From Universe of Visnu to Universe of Siva
Around the sixth and seventh centuries, South and Southeast Asia saw a great religious change: Saivism largely took over from Vaisnavism. We’re going to look at the way in which Saivism, the religion of the god Siva, presented itself with respect to Vaisnavism. In particular we’ll investigate the role of myths and rituals. The central question is: how could Saivism have developed in such a short time to become the state religion of large swathes of South and Southeast Asia?
The 6th-7th centuries CE in South and Southeast Asia are characterized by a major shift in religion. Worship of the god Visnu (Vaisnavism) had flourished in the preceding centuries, supported by many of the kingly courts in India. In the said transitional period, the worship of Siva (Saivism) became the dominant religious model, with an impact reaching far beyond the borders of the Indian subcontinent, and stretching over many centuries. It had a lasting influence on the religious and political formations of the entire region.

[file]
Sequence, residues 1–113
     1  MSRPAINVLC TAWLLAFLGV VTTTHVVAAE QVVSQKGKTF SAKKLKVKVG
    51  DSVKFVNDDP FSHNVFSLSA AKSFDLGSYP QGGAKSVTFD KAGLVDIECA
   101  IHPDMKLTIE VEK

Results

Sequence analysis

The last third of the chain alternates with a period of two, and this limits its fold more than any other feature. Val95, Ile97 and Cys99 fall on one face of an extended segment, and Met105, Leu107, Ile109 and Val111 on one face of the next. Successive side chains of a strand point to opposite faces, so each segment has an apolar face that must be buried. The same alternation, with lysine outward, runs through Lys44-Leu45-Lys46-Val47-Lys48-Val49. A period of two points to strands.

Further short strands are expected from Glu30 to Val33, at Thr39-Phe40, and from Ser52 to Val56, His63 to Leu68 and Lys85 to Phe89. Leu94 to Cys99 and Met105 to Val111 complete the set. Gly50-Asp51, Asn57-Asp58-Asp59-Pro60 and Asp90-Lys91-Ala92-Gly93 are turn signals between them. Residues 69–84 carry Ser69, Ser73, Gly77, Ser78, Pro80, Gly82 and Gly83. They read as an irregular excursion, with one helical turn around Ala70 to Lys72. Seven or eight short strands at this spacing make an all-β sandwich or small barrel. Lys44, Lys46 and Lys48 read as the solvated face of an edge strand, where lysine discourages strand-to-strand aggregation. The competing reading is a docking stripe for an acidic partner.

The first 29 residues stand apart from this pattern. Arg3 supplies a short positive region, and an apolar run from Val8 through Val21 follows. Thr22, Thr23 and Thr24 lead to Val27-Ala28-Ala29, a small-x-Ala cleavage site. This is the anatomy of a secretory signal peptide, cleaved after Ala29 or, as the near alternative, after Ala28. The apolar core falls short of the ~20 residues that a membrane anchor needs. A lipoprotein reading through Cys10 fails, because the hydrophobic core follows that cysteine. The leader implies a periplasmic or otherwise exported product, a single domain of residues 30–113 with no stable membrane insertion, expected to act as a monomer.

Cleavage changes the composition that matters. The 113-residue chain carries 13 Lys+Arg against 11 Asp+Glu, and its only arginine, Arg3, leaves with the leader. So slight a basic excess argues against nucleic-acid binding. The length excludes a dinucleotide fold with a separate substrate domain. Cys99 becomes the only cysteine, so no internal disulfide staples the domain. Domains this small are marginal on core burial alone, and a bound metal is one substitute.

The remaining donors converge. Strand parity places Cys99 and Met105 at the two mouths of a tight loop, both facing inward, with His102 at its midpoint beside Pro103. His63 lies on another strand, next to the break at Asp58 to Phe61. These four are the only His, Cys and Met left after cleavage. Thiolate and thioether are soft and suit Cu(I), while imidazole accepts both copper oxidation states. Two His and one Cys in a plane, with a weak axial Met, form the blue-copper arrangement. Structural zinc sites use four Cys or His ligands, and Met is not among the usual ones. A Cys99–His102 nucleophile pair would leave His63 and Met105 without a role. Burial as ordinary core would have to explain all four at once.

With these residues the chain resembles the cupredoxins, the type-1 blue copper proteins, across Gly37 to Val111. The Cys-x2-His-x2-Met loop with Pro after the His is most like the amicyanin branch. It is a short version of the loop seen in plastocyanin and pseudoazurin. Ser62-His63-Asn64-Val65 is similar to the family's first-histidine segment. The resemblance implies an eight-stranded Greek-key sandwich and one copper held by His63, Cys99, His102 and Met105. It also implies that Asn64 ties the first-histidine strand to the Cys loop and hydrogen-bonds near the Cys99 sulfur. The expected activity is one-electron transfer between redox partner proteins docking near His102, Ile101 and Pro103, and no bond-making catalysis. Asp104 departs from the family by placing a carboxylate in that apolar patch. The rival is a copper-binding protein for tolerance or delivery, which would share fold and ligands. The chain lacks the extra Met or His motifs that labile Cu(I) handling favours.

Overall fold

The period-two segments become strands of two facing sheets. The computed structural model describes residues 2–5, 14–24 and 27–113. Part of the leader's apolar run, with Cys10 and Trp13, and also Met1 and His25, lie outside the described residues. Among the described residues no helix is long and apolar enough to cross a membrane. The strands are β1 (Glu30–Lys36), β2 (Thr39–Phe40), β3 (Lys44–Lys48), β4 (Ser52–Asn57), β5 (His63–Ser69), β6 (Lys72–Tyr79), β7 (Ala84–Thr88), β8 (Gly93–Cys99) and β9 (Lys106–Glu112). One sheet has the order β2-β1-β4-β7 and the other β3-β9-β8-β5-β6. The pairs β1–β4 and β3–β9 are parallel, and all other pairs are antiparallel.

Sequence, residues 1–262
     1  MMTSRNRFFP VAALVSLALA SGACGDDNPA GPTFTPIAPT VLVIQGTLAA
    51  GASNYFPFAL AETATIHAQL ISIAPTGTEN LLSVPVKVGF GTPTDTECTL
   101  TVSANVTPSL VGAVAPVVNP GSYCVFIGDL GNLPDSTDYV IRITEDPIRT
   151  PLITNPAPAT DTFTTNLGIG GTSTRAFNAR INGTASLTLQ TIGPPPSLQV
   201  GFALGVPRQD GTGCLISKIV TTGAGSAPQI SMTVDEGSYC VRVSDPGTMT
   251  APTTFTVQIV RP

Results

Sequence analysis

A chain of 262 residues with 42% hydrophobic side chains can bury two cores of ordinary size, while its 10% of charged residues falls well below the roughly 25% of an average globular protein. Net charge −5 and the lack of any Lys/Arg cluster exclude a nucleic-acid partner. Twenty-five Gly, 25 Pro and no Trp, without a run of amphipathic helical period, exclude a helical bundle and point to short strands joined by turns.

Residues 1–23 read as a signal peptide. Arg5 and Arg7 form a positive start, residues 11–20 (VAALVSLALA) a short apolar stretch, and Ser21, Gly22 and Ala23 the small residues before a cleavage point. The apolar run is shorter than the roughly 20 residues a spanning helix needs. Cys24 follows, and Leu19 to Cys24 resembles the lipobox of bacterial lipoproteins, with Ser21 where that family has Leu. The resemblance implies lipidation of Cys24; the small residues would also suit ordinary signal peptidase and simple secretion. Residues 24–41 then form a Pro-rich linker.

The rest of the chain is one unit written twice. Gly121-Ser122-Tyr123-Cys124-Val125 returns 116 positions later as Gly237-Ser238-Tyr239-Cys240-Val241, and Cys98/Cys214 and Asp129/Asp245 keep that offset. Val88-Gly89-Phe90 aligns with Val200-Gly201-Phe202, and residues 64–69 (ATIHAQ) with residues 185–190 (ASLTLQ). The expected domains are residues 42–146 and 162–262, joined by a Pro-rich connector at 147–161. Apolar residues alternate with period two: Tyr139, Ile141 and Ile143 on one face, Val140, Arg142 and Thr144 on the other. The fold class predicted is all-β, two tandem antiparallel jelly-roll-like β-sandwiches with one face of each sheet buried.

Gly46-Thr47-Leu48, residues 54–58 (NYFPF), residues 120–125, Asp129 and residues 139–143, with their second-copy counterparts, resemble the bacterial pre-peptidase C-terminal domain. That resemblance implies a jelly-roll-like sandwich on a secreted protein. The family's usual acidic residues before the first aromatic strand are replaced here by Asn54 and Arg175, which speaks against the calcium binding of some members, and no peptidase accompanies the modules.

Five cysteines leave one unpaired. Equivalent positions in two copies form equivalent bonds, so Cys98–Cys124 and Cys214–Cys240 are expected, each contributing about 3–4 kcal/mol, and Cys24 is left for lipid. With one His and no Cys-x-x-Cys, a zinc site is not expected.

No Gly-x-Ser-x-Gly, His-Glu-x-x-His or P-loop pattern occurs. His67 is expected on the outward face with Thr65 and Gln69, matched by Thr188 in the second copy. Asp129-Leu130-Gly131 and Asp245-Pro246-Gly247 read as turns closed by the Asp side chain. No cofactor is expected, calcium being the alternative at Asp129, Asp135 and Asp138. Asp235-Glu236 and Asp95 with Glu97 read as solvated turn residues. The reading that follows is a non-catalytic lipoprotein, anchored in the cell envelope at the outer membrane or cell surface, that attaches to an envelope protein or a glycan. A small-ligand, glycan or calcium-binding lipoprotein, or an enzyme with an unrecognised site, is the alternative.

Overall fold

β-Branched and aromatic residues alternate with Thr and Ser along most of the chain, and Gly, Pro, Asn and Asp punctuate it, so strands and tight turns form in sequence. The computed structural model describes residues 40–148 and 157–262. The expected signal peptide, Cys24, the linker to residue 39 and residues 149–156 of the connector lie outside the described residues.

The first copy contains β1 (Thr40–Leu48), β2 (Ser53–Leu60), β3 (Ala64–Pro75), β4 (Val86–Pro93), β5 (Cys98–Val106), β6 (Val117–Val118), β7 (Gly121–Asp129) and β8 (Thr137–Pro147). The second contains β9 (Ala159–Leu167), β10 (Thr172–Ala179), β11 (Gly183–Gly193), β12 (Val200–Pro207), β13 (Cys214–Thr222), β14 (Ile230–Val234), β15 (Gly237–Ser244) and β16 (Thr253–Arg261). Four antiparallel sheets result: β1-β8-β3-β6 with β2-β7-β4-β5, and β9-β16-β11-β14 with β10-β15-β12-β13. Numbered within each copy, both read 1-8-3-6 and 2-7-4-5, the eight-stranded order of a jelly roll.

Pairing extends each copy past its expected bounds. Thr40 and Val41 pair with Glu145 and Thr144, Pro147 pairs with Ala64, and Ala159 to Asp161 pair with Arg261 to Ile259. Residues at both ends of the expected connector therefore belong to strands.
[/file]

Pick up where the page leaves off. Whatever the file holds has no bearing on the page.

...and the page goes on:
The present project will be the first to study some of the foundational works of ritual and mythology of Vaisnavism and Saivism in tandem. This will uniquely enable us to explain what amounted to a sea change in terms of religion: the rapid takeover of the dominant position of Vaisnavism by Saivism.
Building on the long-running Skandapurana project, which will produce a complete critical edition of the 6th-7th century Saiva text called Skandapurana, the present project will integrate the cultural-historical study of Saivism with that of Vaisnavism. We aim to explain how and why the dominant discourse of a social and cosmic order controlled by Visnu came to be superseded by one in which Siva rules supreme. Our findings will elucidate one of the key historical moments in the formation of Hinduism, and contribute to a better understanding of Hinduism?'s pluralistic origins and identity.